When the case was reopened, detectives visited Roseboro in prison, but he refused to talk about the Brenda Sue Brown murder. Robert Roseboro would later be convicted in May 1969 of the 1968 murder of Mary Helen Williams of Shelby, whose murder paralleled the Brenda Sue Brown case.[6]

Murder of Mary Helen Williams[edit]

At 11:30 am on June 22, 1968, a woman and her daughter arrived at Mary's Cannon Towel Outlet, Mary Helen Williams' business located on Dixon Boulevard in Shelby, and saw a "closed" sign hanging in the window. The girl looked in the window and saw a woman lying on the floor covered in blood. Shelby police were called to the business, where Robert Roseboro walked out with his hands in the air. Mary Helen Williams was found nude, with her body beaten and stabbed using a pair of scissors. The county coroner later said even though Mrs. Williams was found stripped of clothing, she had not been raped. In the store´s restroom, police found Mrs. Williams´ dress and underwear.[6]

At the time of Mrs. Williams' murder, racial segregation was intense in Shelby and rumors of the Ku Klux Klan threatening to harm Roseboro were taken so seriously that he was secretly transferred to a jail in a nearby county until his trial in 1969.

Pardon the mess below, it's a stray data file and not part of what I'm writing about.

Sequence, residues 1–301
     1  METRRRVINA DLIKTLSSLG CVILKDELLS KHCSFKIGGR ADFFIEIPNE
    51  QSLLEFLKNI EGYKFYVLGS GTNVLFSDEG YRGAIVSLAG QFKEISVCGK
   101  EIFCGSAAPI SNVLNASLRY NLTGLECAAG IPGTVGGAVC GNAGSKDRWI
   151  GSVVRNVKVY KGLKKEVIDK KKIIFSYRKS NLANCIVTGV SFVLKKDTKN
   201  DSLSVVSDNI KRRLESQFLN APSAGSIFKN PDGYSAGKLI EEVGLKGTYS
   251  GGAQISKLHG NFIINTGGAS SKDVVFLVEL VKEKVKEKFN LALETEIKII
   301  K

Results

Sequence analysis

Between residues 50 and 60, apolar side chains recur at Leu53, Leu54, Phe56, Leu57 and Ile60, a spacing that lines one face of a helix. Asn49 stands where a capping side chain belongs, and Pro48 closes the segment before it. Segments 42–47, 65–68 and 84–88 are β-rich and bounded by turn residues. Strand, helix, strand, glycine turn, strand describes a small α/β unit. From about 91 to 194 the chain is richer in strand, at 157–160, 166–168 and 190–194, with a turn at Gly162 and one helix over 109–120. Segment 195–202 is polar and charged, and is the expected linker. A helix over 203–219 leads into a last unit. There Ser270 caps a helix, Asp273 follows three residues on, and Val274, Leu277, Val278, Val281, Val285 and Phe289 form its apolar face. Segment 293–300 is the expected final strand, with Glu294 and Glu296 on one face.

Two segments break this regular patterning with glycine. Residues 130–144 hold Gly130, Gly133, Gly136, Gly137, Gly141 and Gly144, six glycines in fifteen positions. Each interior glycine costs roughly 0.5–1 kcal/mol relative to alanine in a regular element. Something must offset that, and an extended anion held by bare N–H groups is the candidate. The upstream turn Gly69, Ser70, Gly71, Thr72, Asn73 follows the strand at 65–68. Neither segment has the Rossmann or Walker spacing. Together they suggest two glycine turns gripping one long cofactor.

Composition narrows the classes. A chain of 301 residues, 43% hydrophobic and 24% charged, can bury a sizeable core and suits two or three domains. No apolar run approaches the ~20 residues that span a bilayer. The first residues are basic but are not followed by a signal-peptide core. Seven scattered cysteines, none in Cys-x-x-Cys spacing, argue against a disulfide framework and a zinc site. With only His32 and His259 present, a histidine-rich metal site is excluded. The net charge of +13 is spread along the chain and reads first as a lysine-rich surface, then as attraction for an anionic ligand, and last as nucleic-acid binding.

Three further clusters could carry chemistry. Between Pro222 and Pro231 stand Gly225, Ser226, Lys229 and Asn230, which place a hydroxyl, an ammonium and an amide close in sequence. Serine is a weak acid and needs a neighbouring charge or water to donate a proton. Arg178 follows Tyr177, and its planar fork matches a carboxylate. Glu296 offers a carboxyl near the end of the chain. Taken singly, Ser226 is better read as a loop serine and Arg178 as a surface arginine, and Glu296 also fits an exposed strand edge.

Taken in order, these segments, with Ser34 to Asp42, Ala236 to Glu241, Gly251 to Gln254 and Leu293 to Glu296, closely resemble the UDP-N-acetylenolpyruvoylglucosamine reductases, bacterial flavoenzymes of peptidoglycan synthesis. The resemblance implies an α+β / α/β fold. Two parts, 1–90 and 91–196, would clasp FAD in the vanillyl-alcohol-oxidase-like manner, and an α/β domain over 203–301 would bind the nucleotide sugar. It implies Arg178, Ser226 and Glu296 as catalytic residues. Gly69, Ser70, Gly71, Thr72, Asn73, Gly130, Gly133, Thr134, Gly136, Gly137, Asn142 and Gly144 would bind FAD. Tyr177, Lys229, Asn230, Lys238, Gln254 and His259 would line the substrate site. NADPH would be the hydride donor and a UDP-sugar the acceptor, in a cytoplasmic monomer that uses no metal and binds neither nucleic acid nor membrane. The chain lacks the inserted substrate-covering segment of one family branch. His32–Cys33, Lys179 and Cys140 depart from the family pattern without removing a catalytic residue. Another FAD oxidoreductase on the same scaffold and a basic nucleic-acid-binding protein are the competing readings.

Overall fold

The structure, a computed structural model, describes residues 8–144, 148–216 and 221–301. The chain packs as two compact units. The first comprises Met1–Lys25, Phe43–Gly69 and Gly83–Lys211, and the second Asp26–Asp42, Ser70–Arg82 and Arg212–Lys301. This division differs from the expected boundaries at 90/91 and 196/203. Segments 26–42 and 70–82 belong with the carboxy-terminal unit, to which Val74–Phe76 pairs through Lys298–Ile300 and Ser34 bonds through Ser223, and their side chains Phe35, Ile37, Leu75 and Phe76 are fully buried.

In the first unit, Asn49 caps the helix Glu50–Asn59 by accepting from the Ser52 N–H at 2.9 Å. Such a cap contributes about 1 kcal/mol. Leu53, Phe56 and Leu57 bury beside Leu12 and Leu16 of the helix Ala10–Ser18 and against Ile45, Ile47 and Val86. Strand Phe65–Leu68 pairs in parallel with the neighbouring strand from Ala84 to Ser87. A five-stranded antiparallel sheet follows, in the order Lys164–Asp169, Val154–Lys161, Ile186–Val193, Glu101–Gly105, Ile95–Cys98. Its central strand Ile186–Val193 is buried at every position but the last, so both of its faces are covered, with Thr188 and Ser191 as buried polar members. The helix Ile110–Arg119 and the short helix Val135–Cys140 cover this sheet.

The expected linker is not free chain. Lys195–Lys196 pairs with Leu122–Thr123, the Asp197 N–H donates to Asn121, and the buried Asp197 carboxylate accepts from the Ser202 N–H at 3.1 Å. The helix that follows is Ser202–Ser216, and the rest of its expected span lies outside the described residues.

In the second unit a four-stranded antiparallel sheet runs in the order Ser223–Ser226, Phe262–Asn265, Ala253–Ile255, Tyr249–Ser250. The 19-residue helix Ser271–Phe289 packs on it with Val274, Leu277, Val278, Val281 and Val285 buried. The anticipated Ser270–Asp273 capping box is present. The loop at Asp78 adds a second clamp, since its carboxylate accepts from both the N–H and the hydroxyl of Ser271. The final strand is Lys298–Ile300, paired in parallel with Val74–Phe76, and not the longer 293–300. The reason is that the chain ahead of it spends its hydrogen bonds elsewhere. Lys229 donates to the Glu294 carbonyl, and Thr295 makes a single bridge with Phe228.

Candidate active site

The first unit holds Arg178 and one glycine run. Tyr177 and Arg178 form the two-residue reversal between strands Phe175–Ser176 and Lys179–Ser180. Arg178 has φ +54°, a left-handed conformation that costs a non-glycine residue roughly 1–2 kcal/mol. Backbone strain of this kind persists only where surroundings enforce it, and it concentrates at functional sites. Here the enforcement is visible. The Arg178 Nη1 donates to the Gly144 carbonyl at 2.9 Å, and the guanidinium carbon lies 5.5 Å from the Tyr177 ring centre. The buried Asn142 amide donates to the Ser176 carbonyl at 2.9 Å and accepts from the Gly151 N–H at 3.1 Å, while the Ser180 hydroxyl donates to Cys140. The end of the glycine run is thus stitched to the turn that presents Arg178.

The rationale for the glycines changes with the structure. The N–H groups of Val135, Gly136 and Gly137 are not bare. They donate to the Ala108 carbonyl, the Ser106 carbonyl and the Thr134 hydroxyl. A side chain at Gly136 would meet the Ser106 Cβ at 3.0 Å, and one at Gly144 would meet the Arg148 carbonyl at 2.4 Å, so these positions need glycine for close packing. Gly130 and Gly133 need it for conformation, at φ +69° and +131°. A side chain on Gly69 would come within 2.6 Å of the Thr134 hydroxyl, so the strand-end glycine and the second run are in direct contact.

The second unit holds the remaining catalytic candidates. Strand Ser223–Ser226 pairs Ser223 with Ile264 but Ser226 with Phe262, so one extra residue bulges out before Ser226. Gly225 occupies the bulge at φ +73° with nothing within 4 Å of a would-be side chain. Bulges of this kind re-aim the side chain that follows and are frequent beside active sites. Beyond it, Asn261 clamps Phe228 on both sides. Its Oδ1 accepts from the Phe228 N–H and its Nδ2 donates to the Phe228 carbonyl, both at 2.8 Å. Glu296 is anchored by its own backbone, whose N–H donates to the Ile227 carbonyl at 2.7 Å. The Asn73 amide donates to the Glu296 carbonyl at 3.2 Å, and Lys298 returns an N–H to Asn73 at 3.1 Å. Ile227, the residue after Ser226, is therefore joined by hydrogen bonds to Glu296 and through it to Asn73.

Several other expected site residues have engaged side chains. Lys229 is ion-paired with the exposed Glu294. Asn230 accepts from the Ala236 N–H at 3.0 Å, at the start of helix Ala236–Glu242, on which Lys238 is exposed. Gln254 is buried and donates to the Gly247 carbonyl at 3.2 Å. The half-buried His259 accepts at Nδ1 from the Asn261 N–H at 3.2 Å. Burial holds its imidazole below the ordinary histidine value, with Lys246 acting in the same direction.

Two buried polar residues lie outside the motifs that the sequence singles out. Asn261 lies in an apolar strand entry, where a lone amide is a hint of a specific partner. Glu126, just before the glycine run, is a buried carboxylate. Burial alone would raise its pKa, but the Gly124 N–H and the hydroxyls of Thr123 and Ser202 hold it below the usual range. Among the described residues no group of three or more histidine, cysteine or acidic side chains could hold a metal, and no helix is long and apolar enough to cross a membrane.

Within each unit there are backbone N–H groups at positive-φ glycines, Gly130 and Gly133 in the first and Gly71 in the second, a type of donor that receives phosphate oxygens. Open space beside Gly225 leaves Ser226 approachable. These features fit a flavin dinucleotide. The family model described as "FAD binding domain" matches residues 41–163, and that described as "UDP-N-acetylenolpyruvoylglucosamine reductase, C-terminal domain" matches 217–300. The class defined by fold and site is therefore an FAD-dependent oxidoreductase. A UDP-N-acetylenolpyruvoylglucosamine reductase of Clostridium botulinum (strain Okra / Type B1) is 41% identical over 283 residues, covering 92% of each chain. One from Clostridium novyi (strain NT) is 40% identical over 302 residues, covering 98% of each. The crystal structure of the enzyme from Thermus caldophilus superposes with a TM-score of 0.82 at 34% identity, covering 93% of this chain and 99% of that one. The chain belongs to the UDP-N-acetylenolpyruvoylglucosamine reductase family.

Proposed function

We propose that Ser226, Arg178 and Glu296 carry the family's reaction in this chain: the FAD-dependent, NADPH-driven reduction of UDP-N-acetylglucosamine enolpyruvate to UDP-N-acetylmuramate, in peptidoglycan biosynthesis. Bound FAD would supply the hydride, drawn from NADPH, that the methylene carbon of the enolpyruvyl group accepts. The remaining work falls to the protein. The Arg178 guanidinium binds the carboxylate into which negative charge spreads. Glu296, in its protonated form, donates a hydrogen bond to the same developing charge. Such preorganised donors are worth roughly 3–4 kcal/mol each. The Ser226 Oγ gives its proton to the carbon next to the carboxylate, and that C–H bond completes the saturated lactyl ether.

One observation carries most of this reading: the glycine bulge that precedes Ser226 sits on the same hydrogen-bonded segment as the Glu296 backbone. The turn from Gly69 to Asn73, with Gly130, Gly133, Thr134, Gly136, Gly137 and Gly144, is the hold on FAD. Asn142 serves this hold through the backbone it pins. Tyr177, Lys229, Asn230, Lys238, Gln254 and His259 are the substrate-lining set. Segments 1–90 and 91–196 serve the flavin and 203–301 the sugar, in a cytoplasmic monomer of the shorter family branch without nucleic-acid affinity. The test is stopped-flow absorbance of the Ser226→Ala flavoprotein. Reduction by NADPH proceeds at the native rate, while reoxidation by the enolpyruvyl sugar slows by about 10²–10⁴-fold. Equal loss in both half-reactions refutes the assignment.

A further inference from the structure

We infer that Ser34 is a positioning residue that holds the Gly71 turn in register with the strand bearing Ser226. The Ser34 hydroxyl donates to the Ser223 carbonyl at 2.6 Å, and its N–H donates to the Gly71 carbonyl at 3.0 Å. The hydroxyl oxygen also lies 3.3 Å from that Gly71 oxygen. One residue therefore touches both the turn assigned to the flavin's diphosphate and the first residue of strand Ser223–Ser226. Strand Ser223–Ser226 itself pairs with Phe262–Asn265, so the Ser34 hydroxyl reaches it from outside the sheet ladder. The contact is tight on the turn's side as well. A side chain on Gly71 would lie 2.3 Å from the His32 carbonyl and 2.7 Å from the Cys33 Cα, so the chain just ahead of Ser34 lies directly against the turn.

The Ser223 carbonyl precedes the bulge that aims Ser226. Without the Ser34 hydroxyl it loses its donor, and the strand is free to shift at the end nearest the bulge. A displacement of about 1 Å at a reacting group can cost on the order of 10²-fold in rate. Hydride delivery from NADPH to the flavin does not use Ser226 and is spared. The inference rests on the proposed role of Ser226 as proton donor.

During the two-day murder trial, a pathologist testified that blood found on Roseboro's clothes was type "A", which matched Mrs. Williams´ blood type. Roseboro denied killing Mrs. Williams, saying the detectives lied about the investigation and said he had no motive in the murder, being as there was no rape or robbery. He drew maps of where he was in the building when the police arrived, and explained how Mrs. Williams' blood got on his clothes. Roseboro was found guilty for the murder of Mary Helen Williams and was sentenced to death, however, his sentence was reduced to life in prison. Because of the similarities between the Mary Helen Williams murder and the Brenda Sue Brown murder, it became a common local belief that Roseboro had committed both.[7]

In February 2010, Roseboro was subpoenaed to a Cleveland County hearing to determine if enough evidence existed for Brenda Sue Brown murder suspect Thurman Price to be brought to trial. During his testimony, which lasted less than ten minutes, Roseboro denied killing Brenda Sue Brown or knowing who did or having any remembrance of the day she was murdered, saying "You’re talking about something 40 years ago. How would I recall something that long ago?”[8]

Reopening the case[edit]

In 2005, Brenda Sue Brown's sisters, Patricia Buff and Mary McSwain, spent months asking the Shelby Police Department to reopen the case. Officers told them Brenda Sue's case files were missing. After four days of searching through files in storage, the files were found packed in an unmarked box with the files of the Mary Helen Williams murder case. However, the evidence, including Brenda Sue's dress, underwear, shoes, the powder-puff compact she was carrying, the rock that was used to kill her, two vials of blood, fingernail scrapings, branches and a hair sample, were missing. According to police records, Sheriff Allen was the last person in possession of the evidence when he retrieved it from the SBI in Raleigh, North Carolina in August 1966. The only physical evidence still available is a bloody palm print that was taken from Brenda Sue's shoe in 1966.